The Spectator

Why Sunak should stay

In the end, the Tories did just as badly as predicted in the local elections. They lost about half of the council seats they were defending as well as ten out of the 11 mayoralties up for election and did not even come close in London. It’s a disaster, but one consistent with the opinion poll picture painted with such devastating regularity over the last year or so.

Any Conservative now tempted to depose Rishi Sunak should study the pantomime playing out in Holyrood. The Tory motto, now, is to remember that there is always someone worse off than you are – and that person is usually in the Scottish Parliament. The SNP is reminding the world that changing leader does not help a party running from its record. Humza Yousaf lasted 13 months in office which is an improvement on the 49 days Liz Truss managed but his defenstration still shows a party in meltdown. They have no better alternative. John Swinney, a former leader, is being called back in desperation (to his dismay, it seems) and the SNP is now polling worse than any time since the 2014 referendum. No new first minister could remedy the root problem: that the SNP’s core mission – independence – has no more public support than it did ten years go. Its appalling record in government gives it nothing else to fall back on.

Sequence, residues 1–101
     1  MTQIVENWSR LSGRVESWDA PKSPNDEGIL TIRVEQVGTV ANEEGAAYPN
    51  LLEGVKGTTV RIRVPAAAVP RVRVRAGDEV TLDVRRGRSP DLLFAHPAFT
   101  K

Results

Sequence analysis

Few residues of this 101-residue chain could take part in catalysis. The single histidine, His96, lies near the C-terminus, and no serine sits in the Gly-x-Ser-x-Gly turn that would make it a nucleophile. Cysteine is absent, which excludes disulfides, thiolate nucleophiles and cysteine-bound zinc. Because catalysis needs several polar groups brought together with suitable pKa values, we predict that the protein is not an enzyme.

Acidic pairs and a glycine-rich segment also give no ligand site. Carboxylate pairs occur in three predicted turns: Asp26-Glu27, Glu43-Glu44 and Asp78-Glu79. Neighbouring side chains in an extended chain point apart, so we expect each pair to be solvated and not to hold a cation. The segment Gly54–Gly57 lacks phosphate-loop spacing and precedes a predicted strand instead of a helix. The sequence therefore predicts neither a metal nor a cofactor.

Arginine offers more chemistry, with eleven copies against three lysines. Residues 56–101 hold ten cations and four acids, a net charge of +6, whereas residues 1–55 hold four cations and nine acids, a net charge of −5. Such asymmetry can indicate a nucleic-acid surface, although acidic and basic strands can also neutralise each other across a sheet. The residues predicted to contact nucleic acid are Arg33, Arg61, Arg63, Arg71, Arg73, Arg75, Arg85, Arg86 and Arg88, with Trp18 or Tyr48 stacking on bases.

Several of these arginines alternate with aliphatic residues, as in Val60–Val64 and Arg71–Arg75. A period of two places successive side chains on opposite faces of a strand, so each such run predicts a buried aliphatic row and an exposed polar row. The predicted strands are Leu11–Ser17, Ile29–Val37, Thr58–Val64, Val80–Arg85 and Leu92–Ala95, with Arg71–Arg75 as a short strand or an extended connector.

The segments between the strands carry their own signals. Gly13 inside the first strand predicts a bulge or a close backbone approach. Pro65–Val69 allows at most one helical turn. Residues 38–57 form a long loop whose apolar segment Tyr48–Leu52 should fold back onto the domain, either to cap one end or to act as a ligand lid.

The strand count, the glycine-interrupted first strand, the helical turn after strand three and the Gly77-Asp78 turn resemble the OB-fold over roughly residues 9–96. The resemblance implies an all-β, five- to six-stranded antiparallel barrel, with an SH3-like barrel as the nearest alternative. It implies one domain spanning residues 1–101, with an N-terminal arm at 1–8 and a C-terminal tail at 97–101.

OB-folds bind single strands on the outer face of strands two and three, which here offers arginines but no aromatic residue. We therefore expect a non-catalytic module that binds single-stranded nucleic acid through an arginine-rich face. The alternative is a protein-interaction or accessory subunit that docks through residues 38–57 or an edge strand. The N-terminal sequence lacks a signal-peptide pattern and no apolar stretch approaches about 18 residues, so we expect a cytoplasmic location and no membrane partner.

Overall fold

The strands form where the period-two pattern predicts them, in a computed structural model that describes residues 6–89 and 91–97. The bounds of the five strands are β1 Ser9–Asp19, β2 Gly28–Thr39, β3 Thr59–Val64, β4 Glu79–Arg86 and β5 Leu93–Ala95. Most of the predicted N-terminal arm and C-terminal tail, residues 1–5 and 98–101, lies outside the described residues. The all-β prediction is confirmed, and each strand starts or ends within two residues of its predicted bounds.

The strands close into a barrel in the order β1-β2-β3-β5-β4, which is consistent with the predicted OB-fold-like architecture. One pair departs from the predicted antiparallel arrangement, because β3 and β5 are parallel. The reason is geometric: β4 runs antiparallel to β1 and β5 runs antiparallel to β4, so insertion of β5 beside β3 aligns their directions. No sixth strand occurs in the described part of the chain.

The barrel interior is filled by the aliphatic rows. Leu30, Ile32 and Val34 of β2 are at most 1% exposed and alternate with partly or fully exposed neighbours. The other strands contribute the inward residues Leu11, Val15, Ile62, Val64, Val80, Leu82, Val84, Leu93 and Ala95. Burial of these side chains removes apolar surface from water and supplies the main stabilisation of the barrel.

The SNP is reminding the world that changing leader does not help a party running from its record.

The Tories, like the SNP, have no better leader lined up. Sunak is a long way from being a great Prime Minister, but he is not the author of the Tories’ current problems. He was installed in Downing Street to save what he could of a burning building after Liz Truss’s resignation following her disastrous borrow-and-spend mini-Budget. Sunak’s remit was to get through to the end of this parliament without any further economic drama. In this, he has succeeded.

It’s wrong to say, as Suella Braverman does, that the local election results are the result of Sunak’s decisions. They are the results of the failures of big-government conservatism: a tax bill larger than Gordon Brown or Denis Healey ever dared impose. Add to this the NHS in meltdown, and full-blown crises in welfare and border control, and the Tories – like the SNP – will be judged not on their promises for the future but on their record in government over several years. A new leader cannot change that.

It does not matter what policy wheezes Sunak can muster – and there have been some decent ones, such as lowering National Insurance contributions to moderate some of his tax rises. Voters have stopped listening to Conservatives. The polls have shown little sign of recovery under his leadership and the markets are not (as he hoped) cutting him any slack. Even his chosen indicators of success are going in the wrong direction. Mortgage rates are rising again and NHS waiting lists will probably follow. As long as Rachel Reeves plays the same game Gordon Brown did before the 1997 election, constantly preaching fiscal prudence, the Conservatives will not win on the economy.